Travel Brainstorm

10 Things I Wish I Knew Starting Out – Part 2

I Wish I Knew

I Wish I Knew

Now for the completion of the top ten things I wish I knew when starting out in the reward and loyalty point game.  Continued from part one.

TIP #6: Solicit Advice from the Pros by Following Blogs or Sites that are most Relevant to you

It really goes without saying, as I am a blogger and you’re reading this to gain information, that others are generally very helpful and have a wealth of information to help get you started quickly and on track.  By following the advice of those that have already made the common mistakes, you can avoid making the same ones.  I don’t really want to recommend any one site over another.  You can check out my “Travel Links” section for several blogs to check out to see which ones fit your situation best and have the authors you prefer to read.  Many times it’s that manner of presentation that you will prefer and will drive you to one site over another.

TIP #7: Jump on Deals Quickly When They Appear

I cannot tell you the number of deals that I missed because I took too long to think it over and just figured I would get back to it eventually.  Many deals are ended once the award seats are gone, the general public find out or an error is corrected by the vendor.  The same is true for purchases that are earning large amounts of points due to a portal or vendor promotion.  If it’s points you need for a targeted redemption and products you can use or can gift/re-sell, jump on it quickly.  Make sure you can actually utilize the product or travel, but decide and act quickly.  You’ve been warned.  The same goes for longer term good deals such as the Bluebird Vanilla Reload cards of old and Target REDcards more recently.  These were great deals that had their time, but were eventually closed down.  Those that acted quickly sure earned a lot of points while they lasted.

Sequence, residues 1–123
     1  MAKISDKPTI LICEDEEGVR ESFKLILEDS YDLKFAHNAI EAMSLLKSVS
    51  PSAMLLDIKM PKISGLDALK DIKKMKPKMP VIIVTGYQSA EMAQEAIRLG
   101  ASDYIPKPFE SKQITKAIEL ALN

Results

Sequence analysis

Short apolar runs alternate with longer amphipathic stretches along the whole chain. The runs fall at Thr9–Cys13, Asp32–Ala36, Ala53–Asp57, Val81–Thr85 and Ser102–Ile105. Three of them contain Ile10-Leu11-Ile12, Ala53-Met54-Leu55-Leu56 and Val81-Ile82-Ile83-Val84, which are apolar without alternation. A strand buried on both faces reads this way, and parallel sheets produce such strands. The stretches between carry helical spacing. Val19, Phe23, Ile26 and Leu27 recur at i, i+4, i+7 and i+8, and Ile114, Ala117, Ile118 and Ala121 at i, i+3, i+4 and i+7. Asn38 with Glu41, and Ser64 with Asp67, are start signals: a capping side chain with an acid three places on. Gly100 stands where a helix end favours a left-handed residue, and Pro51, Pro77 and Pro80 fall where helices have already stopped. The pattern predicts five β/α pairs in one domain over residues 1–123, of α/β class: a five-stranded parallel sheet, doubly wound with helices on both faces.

TIP #8: The Best Use of Miles is Normally Premium International Travel

From a strictly value position, premium international travel is the best bang for your buck (point) when redeeming.  It hard to find any point redemption that gives you more cents per point in value than a first or business-class ticket redemption.  But remember, it’s only the best if it’s the best for you.  In other words, if you have no desire to travel internationally then it’s not really a great redemption to get a ticket in first-class to a place you have no desire to visit.  Maybe the best redemption for you is a cruise so you can join your best friend, but can’t afford to pay cash.  This may be one of the worst value redemptions, cents/point wise, but sure the best one for you at the time.  Remember, we do this for ourselves, the memories and our families, not to brag or show others what an expensive ticket we were able to get for free.  I’d say it’s a really poor redemption if the only thing we get out of it was the ability to post a picture on our Facebook.

TIP #9: Miles can be Credited to Airlines Other than the One You’re Flying and Redeemed for Flights on Other Airlines

It’s important to know where you need points for your next award or flight so that you can have your points credited to the best program.  Learn the different partnerships and Alliances (OneWorld, SkyTeam & Star Alliance to name the largest) as you can often fly one within an Alliance, but use a frequent flyer number from another to have the points credited with their program.  One can also use points with one program such as British Airlines (BA) Executive Club, to redeem for flights with a partner such as Alaska Air.  I personally use my BA Avios for Alaska Air domestic flights as that is the airline that flies out of my local airport and it’s a great value use of my points.  The Points Guy has a pretty good article at this link for a more in-depth explanation.

TIP #10: The Value of a Point is Different for All the Programs

Remember that a point is not a point, is not a point.  They are not created equal and all have different values.  For example, a Starwood Preferred Guest (SPG) point is worth 2.4 cents and a Marriott Rewards point is only worth .7 cents or less than 1/3 the value.  You can always check out my page here to see the latest valuations that I normally get from The Points Guy as he updates his analysis the most often.  But once again, if you really want a week at the Marriott in Orlando then the Marriott Rewards points become more valuable to you until you achieve your target amount for that reward.  It’s always your situation that should drive your specific actions.  Don’t miss the forest because of the trees 🙂

I hope this list helps reduce the times you say “I wish I knew that.”  As always, happy brainstorming and safe travels!  Please be sure to use my Amazon affiliate link to do your holiday and other shopping and support this site so I can keep it going and free for all.


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